The strangers we live with.
June 1, 2014 § 5 Comments
One ordinary afternoon that should, by now be long forgotten, I was sitting with my parents, when suddenly I was looking at strangers.
Two people in their early forties, the man was quite bald, the woman wore an ambiguous smile.
It lasted just a few moments, but for that brief time I disconnected from our all-my-life history, our shared memories, the absolute familiarity of their faces, the influence of our affection for each other and saw them as they were right then.
Wondering, who are these people? scared the daylights out of me.
They elude us, at least in the present, because this moment trails so many others behind it.
The woman you’ve been married to for thirty years, the brother you shared a room with, your best friend since third grade? All are the sum of the multiple selves they have been.
We aggregate those past selves. We average them. The one who is standing next to us taking a breath in this moment is the one who eludes us.
The past preserved in that album is comfortable, safe.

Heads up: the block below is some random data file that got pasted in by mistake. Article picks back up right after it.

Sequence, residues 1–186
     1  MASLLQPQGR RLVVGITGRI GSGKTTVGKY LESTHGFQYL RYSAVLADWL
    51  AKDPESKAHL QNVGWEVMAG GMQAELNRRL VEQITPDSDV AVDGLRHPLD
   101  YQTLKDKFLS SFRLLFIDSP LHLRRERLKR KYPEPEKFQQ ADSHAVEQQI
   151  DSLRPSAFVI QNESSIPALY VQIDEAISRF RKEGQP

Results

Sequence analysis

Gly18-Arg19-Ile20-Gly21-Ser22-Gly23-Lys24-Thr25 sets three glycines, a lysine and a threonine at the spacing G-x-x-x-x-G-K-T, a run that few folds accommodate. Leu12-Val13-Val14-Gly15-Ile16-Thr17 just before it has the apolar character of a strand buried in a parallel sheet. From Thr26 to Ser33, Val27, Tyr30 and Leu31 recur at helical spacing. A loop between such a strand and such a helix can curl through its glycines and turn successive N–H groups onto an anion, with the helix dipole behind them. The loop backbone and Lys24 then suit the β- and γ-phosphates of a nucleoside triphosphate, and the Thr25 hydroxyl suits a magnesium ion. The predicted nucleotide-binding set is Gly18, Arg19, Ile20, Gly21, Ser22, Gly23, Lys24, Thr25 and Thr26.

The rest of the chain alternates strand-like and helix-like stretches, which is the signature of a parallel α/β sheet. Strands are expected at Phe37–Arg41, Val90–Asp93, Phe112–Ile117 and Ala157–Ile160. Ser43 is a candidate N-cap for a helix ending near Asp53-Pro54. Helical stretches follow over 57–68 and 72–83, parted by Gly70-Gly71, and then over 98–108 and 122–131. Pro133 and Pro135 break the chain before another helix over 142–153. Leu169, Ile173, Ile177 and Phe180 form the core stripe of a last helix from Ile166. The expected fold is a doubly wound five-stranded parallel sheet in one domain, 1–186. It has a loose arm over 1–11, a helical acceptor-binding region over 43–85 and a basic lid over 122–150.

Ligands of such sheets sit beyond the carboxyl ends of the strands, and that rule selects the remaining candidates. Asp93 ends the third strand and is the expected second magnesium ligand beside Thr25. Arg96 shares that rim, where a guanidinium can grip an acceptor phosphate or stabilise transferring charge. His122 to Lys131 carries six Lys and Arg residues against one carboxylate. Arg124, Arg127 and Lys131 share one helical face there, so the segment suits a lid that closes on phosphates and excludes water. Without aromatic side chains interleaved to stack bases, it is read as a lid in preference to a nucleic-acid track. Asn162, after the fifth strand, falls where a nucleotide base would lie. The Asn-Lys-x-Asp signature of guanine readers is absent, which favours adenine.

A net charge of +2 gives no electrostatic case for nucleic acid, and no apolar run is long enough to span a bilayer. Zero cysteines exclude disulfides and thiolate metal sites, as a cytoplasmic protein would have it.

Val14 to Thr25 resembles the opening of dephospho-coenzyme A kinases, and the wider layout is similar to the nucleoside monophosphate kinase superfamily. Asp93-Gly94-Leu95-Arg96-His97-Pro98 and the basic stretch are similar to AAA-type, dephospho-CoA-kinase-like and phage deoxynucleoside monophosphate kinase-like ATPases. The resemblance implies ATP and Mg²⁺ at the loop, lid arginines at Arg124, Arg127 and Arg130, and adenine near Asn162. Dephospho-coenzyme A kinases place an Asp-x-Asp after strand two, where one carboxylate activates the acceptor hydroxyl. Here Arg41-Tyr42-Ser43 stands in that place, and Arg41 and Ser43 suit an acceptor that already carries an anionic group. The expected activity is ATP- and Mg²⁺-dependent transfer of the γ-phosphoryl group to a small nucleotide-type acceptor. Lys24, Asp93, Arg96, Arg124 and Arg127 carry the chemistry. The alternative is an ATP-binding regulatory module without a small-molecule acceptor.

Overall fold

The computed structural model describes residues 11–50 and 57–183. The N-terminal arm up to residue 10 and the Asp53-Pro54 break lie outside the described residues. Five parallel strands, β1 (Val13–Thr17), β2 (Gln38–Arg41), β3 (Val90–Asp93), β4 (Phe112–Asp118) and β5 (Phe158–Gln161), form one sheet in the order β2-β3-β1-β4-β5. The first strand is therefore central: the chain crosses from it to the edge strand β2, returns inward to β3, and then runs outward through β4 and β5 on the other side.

It glows golden.
Remember the time?
We enshrine those closest to us.
And we trap them.
It is hard for us to see that the irresponsible teen is now a forty year old man with a good job, that the parent who cared for us now needs our care.
Filtered through years of familiarity, change in someone we are close to dawns on us gradually. Often we resist knowing.
Change, especially change that sets that person on another path, or diminishes the person who has been a reliable constant can feel like a betrayal. It threatens the steady state we rely on in a world that is anything but steady.
But no matter how close we remain separate beings. We change by choice and are changed by time and circumstance.
It is a scary and generous act, but let go of that long shared history and look again at the stranger you’ve known for as long as you can remember.
Note: The photos on this post come from my husband’s family, the Faasses, but we all have such photos affixed to faded black album pages with sticky corners–and many more just like them in our minds.